Date story was published: Sunday, March 13, 1988
BATON ROUGE, La. -- Eric Manuel, practically a no-show Friday, scored a career-high 24 points yesterday.
Kentucky, as a team, had a similar rebirth. In disarray for stretches of the first half, the Cats rallied to beat home-standing Louisiana State 86-80 to reach the Southeastern Conference Tournament finals.
"We had a terrible first half, going back to playing the way we played early in the season," Rob Lock said. "Shooting on the first or second or third pass. Being too creative. Maybe we were a little jumpy because of the magnitude of the game."
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The second half, however, was so well played by both teams one neutral observer was moved to compare it to a Final Four game.
"I can't tell you how disappointed I am we had an altercation," Florida coach Norm Sloan said after yesterday's fight-marred second semifinal. "Especially after following as good a game as you'd want to see. A Final Four game. I got so excited I got cold hands."
Happy 52nd birthday, Eddie Sutton.
UK, 24-5, will play Georgia for the title (2 p.m. EST). Georgia outlasted Florida 72-70 in a game that saw two players ejected and two others reprimanded by SEC commissioner Harvey Schiller for fighting.
Manuel, who led UK's second-half revival, went from the ridiculous to the sublime in less than 24 hours. Against Mississippi Friday night, he took only one shot, missed it and went scoreless in 16 nondescript minutes.
His worst game?
"I'd say, yes, my worst," Manuel said of his first scoreless game since the Cats played LSU here Jan. 23.
"Of all my games, this is the best," Manuel said. "I wasn't quite into the game Friday. Against a team like Ole Miss, there's a tendency to fall down. Today, I knew I had to prepare myself to play well."
Manuel's previous high was the 14 points he scored against LSU in Lexington last month.
The 6-foot-6 freshman surpassed that in the second half alone. He scored 17 after intermission, including:
UK's first eight points, which put a serious dent in LSU's 40-35 halftime lead. Twice Manuel brought the Cats within one with driving two-handed dunks.
A three-pointer with the shot clock inside 10 seconds that gave UK an 80-77 lead. He had attempted only two -- one since early December's Big Four Classic -- all season. One -- at Florida Feb. 20 -- had gone in.
"I didn't hesitate," Manuel said of the shot from the top of the key. "I looked up and saw nine seconds on the shot clock. I knew I had to put up a shot."
"It was the biggest shot of the game," LSU's Ricky Blanton said. "He misses and we score (Bernard Woodside hit a three-pointer that tied it with 1:28 left), the momentum goes the other way."
Instead, Rob Lock's post-up shot over Jose Vargas gave UK an 82-80 lead with 57 seconds left.
"I was lucky it went in," Lock said. "It was probably a good shot from their standpoint rather than Rex (Chapman) shooting from the perimeter."
LSU had designed its down-the-stretch defense with that in mind. The Tigers, 16-13, shifted to a triangle-and-two defense, assigning man coverage on Chapman and Winston Bennett.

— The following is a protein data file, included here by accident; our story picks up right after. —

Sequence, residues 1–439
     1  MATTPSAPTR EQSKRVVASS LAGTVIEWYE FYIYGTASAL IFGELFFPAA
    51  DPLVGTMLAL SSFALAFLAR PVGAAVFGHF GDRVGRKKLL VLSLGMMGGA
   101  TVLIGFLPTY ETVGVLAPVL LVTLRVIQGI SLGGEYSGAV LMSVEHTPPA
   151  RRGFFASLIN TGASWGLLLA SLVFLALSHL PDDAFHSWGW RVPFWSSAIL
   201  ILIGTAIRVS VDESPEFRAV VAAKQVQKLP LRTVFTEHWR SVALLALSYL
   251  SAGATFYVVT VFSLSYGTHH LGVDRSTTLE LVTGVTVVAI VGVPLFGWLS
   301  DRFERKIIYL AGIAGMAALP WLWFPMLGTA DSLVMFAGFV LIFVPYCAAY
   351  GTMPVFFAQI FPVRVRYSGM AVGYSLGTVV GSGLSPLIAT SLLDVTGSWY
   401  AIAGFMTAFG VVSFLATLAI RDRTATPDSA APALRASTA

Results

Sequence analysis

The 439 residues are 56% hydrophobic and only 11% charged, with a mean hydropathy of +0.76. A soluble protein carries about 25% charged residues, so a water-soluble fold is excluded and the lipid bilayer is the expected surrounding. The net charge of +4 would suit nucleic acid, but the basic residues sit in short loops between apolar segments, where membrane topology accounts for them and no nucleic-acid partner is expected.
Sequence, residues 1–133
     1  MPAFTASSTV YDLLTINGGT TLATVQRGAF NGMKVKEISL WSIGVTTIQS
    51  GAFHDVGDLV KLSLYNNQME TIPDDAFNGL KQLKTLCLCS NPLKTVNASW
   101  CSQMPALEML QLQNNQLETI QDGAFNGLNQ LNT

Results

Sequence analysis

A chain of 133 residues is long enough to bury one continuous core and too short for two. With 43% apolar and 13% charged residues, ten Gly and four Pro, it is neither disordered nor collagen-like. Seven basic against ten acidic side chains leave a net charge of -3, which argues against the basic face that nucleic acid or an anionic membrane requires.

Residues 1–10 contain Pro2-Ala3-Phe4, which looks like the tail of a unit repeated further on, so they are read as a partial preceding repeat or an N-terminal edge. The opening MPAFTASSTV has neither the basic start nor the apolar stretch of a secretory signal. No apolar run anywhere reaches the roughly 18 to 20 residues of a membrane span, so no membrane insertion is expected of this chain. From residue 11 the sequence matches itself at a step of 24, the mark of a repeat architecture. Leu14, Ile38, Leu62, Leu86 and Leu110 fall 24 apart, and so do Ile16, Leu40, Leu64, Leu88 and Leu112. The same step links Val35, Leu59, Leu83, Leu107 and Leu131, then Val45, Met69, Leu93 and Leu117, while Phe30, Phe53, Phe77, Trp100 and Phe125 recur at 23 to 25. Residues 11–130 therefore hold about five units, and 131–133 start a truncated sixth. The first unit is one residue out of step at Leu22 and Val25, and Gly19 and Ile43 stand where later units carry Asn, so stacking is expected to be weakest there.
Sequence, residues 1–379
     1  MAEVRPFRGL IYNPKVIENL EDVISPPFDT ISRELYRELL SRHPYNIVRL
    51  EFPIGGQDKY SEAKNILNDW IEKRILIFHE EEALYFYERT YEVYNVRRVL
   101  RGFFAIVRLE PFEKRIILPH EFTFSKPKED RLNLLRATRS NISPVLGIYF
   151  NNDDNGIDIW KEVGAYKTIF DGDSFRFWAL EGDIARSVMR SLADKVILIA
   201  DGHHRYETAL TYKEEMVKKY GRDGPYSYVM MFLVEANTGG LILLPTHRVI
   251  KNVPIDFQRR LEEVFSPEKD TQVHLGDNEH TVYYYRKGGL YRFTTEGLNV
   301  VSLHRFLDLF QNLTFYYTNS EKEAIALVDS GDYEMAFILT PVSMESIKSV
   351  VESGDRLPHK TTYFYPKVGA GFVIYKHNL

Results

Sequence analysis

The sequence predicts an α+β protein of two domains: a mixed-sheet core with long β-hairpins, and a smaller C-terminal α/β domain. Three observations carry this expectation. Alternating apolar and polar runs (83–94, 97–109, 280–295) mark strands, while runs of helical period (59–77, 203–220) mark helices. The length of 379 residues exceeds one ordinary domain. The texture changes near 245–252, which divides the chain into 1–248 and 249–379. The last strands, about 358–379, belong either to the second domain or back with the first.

Chapman (20 points) and Bennett (23) had combined for 43 points in the first 32 minutes. Chapman had five three-pointers. Bennett tallied a trio of three-point plays off post-up moves in the second half.
But Chapman and Bennett didn't even get a shot off in the final eight minutes.
"It pretty much took us out of it," Chapman said of the triangle and two, "but it's not a very good defense when you've got people like Ed (Davender), Eric and Rob." The three scored UK's last 17 points.
LSU sought to match Lock's shot with its own low-post basket. But Woodside's feed was too far in front of bullish freshman Wayne Sims and bounced out of bounds.
Manuel and Davender sandwiched two free throws around a bit of bad luck for LSU to clinch the victory.
After Darryl Joe missed a three-pointer, Lock blindly saved the rebound toward midcourt. Woodside stepped on the sideline as he retrieved the ball.
Joe shot UK into a 32-25 first-half hole. The senior guard blitzed the Cats with 10 straight points in 79 seconds.
Joe began the run with a three-pointer that tied it at 25-25 at the 8:44 mark.
Twenty-three seconds later, Joe pulled up on the fast break and hit another three-pointer.
Then, Joe deflected a pass for Chapman and sped to a driving dunk.
After a UK turnover and a television timeout, Joe drove the baseline for a layup.
Joe had 18 points at the half, but only five thereafter.
"Credit Kentucky's tough defense," Joe said. "In the second half, after I made a pass, they denied me the ball. They played great defense . . . superb."
The Cats will seek their 16th title in the SEC Tournamemt's 29-year history.
The task may be made easier if Georgia center Alec Kessler cannot play. Kessler was the Georgia player ejected in yesterday's fight and will be examined for a possible concussion, Coach Hugh Durham said.
Kessler is one of only two Georgia players 6-8 or taller. UK, of course, will have a decided height advantage.
If Kessler can't play, Georgia's only center would be freshman Neville Austin.
"It would hurt us a lot," Durham said. "Kentucky puts in Lock, then (LeRon) Ellis and (Cedric) Jenkins and so on.
"Neville just can't play all those guys for 40 minutes."